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Adsorber quantification in batch and column chromatography

The dream team for complying with Quality-by-Design: High throughput process development techniques and process modeling

Quality-by-Design demands can be fulfilled via mechanistic process understanding and/or a massive expansion of the database – for example, via high-throughput techniques such as batch chromatography. Mechanistic models strongly depend on model parameters which are commonly determined based on experimental data from lab-scale column runs.

Graph to the case study Adsorber quantification in batch and column chromatography
Figure: Batch adsorption isotherm based on the adsorber skeleton volume. Orange and blue crosses show the measured data without and with histidine correction respectively. The curves describe the SMA isotherms fitted to the data (without histidine correction: orange, with histidine correction: blue).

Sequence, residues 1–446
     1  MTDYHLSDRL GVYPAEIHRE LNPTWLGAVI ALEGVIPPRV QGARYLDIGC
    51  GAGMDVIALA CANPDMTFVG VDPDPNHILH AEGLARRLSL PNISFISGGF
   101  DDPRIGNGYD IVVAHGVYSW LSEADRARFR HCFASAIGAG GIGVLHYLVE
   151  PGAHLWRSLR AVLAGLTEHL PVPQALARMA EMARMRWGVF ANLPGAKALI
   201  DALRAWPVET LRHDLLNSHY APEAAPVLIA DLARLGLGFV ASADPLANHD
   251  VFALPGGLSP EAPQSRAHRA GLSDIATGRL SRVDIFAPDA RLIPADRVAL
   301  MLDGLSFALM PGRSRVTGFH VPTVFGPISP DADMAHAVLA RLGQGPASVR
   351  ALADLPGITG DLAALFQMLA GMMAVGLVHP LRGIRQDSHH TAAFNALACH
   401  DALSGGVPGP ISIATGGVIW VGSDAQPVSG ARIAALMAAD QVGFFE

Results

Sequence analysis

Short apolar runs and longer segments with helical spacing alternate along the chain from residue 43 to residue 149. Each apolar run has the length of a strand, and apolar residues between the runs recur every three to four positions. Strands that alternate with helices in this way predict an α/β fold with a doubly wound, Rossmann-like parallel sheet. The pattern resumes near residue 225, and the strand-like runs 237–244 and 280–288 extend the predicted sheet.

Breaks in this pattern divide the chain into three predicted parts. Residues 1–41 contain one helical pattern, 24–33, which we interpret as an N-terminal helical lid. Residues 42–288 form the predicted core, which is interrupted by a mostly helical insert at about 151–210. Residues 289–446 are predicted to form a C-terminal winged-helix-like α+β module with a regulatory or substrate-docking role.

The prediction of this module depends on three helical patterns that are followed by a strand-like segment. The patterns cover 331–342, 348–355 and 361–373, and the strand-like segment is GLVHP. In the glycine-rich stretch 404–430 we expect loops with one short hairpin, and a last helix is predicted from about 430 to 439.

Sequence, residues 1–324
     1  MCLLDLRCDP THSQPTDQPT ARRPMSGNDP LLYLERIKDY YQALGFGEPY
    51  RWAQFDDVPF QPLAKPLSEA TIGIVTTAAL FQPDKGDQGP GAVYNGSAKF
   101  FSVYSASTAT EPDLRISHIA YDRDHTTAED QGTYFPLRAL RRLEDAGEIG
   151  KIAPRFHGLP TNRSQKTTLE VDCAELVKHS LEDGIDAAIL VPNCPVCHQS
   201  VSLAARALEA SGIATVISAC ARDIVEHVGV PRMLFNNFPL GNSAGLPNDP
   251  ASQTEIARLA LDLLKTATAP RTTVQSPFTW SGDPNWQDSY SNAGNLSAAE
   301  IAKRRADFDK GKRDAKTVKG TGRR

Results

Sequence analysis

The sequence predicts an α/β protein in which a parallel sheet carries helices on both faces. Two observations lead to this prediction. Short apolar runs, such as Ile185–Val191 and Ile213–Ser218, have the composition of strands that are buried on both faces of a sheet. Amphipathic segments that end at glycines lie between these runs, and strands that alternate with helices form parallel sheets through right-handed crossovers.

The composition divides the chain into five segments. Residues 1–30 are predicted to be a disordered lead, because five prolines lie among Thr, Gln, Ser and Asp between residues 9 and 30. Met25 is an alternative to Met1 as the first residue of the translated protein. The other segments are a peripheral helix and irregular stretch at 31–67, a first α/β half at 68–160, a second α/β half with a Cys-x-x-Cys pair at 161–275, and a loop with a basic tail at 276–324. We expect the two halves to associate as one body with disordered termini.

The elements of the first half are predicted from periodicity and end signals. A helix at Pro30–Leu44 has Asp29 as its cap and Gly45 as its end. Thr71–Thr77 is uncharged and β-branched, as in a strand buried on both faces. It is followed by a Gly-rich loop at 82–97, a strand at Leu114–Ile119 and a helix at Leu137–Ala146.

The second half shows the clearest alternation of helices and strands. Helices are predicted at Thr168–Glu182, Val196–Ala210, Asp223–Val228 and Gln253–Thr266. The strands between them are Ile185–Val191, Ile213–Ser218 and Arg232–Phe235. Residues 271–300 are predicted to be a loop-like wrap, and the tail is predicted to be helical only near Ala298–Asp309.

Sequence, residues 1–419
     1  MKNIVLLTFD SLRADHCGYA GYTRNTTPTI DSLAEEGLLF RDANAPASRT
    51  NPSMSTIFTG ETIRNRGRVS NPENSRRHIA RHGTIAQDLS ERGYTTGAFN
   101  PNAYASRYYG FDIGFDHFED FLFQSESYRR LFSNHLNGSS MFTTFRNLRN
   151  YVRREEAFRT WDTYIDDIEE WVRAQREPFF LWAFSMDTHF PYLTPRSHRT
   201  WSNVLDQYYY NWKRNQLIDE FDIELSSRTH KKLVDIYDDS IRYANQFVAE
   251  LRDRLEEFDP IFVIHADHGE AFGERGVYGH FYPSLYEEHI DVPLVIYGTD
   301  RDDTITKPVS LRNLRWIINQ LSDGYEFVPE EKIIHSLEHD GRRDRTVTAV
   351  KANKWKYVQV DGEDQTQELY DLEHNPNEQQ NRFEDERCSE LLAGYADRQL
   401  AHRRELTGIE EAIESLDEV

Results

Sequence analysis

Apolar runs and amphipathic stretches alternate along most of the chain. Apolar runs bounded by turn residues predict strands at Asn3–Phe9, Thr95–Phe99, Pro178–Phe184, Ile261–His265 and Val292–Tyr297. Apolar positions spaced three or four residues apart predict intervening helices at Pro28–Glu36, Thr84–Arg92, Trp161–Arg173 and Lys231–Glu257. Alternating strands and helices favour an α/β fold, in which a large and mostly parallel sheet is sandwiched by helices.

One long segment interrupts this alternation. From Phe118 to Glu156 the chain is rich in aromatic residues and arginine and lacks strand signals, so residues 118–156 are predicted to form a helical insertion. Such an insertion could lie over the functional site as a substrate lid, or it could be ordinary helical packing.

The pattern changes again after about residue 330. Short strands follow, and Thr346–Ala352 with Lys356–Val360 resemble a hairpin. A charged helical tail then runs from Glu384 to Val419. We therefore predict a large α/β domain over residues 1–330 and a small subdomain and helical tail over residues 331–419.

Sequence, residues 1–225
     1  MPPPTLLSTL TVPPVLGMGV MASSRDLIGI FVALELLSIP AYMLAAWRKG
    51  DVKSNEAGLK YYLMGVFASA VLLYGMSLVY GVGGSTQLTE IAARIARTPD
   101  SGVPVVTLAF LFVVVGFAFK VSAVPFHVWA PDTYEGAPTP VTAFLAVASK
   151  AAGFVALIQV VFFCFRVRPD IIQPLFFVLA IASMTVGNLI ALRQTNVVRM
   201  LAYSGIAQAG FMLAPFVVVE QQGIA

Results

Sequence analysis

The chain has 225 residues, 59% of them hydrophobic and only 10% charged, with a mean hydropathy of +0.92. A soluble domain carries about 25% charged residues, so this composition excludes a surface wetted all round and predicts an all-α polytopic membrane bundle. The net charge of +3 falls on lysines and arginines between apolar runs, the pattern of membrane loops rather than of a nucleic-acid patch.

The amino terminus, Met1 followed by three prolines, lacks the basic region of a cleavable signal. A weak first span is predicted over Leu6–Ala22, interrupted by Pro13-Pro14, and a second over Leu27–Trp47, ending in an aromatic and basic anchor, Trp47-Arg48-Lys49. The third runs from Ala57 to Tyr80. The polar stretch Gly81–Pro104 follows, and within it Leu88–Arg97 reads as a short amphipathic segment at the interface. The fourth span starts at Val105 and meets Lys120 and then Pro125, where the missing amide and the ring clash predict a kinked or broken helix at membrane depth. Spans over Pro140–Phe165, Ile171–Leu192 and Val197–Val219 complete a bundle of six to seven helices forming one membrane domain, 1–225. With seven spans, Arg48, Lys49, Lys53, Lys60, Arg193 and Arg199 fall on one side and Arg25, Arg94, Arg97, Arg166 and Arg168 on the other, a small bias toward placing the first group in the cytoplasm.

Quantification of adsorber characteristics: column scale vs. batch systems

To improve the implementation of a process at different stages during its development, the same model should be applied for all scales and formats. Precise and uniform measurements of different column characteristics, such as ionic capacity, are necessary to allow a model-based scale comparison. The standard technique for determining the ionic capacity in column scale is acid-base titration. As this approach requires an in-line conductivity trace, the method is not applicable for high-throughput experimental systems such as batch chromatography.

Measuring histidine capacity to determine ionic capacity

An alternative method which can be used in both column and batch chromatography is the measurement of the total histidine capacity. The results of this non-invasive photometric method are comparable to conventional acid-base titrations in column scale.

Improved predictions of breakthrough using histidine-corrected parameters

By means of the presented method, the batch adsorber volumes could be corrected to generate more precise modeling parameters. Implementing these parameters, a column breakthrough curve could be modeled in ChromX from a single condition batch adsorption isotherm. Additionally, the presented case study can be extended to batch kinetics and batch bind-and-elute experiments.

With this approach, the importance of batch data in conventional and in-silico process development is increased.

See full paper “A versatile noninvasive method for adsorber quantification in batch and column chromatography based on the ionic capacity